Origins & Context
Art Nouveau was named after a Parisian shop (Maison de l’Art Nouveau), which opened in 1895, however the style defined in the history books took place between 1900 and 1914.
Life at that time, just before the Great War, was simpler; a horse-drawn carriage was still the main mode of transport and bicycling the latest craze; most women didn’t work though all households had domestic help; electricity and phones were available but TV and radio were not – the gramophone provided the in-house media entertainment. And for those who could afford it, the home was decorated in the latest style – Art Nouveau.
Two Styles in One
The work of the Art Nouveau period – Horta’s Paris Metro sign, Toulouse Lautrec & Klimt’s art, Frank Lloyd Wright’s buildings, Gaudi’s mosaics – splits clearly into two styles. However, despite looking worlds apart, their essence came from the same place – namely it was organic.
In France, Belgium, Italy and Spain, the Art Nouveau style was curvilinear – everything looked as though it would wake up and grow as soon as you left the room.
Horta’s Metro sign in Paris beautifully represents the curvilinear Art Nouveau style – its organic swirls in the lettering depicting nature and growth. The idea of growing from seed to stem to plant can be seen in the flowing lines of many pieces of furniture and decorative items of this period. Furniture looked like it was growing naturally – handles made to look like tendrils; corners and fronts of cabinet decorated in foliage and balustrades twisted and turned to depict vines.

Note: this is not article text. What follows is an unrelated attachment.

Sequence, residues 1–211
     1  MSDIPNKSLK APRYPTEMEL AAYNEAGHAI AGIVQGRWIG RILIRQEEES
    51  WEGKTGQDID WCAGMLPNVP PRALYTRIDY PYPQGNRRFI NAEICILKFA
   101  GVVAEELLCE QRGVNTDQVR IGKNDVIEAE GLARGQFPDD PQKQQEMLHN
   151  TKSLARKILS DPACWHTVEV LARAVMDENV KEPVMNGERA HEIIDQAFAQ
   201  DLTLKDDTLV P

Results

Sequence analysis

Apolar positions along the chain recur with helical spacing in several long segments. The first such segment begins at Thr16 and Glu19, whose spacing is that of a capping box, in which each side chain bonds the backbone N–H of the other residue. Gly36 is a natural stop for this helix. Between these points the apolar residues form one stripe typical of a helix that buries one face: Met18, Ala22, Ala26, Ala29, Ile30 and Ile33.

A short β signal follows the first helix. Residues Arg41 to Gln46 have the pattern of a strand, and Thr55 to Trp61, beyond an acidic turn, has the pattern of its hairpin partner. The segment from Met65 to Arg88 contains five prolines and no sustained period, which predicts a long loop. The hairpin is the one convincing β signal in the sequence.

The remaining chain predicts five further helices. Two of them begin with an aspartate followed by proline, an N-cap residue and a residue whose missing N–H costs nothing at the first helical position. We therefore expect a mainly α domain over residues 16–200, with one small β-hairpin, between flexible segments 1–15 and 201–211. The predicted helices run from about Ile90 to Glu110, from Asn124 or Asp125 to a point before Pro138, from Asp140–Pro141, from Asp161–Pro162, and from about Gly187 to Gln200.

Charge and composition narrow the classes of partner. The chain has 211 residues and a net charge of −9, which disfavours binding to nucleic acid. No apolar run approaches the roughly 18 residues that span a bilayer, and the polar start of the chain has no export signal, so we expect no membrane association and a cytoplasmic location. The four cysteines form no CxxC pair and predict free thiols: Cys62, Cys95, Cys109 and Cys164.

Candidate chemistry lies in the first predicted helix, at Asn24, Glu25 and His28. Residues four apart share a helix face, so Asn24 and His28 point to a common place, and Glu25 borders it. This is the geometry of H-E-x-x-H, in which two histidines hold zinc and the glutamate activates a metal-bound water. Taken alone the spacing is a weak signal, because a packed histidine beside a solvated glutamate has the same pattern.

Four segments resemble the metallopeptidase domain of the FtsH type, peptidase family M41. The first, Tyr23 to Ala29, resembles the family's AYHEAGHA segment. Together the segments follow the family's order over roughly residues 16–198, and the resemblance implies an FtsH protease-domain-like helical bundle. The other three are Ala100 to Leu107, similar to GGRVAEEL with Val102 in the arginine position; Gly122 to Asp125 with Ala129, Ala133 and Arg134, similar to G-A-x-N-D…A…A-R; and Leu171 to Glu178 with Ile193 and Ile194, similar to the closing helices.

Glasswork also beautifully represented the natural shapes of the style and Emile Gall and Tiffany produced some graceful and ornamental pieces – lamps, bowls, vases as well as glass pieces designed for furniture. Furniture and accessories alike bloomed with emblems from nature – butterflies, grasses, birds and flowers.
Art & Jewellery
In the art world the works of Mucha, Cheret, Toulouse-Lautrec and Gustav Klimt dominated the period. Long flowing hair, entwined lovers kissing and beautiful women were their subjects. In jewellery, the same organic shapes could be seen; necklaces of flower trails; brooches depicting sirens – there was a sense of poetry and romanticism in every piece.
In Germany, Austria and Britain, however, the Art Nouveau style was distinctly rectilinear – with well-defined lines surrounding even the most delicate of decoration.
Charles Rennie Mackintosh
The work of Charles Rennie Mackintosh – the iconic rose framed between strong black lines, the high backed chairs and industrial windows were trademark pieces and the Hill House in Helensburgh, just outside Glasgow, epitomises his residential interior style.
The furniture was specifically designed to fit the interior (something unheard of until then), which would have included built-in window seats, cupboards, settles and bookcases made from woods such as cherry, walnut, mahogany, satinwood and light oak.
The colours from this period were peacock blue, turquoise, emerald green, pale lilac, black and silver, white and pink. They were used together to form an ethereal look to walls and quite psychedelic effects in the glasswork.
The Art Nouveau style is still very much in evidence particularly in Barcelona in Gaudi’s work at Casa Batllo and Casa Mila, as well as his unfinished cathedral. In Brussels the style can be seen at the Hotel Solvay and in Paris at Maxim’s and the Vagenode Restaurant. Visit Glasgow and enjoy a stylish cup of tea in the famous Willow tearooms designed by Mackintosh and his wife Margaret Macdonald Mackintosh.
Source by Niki Schafer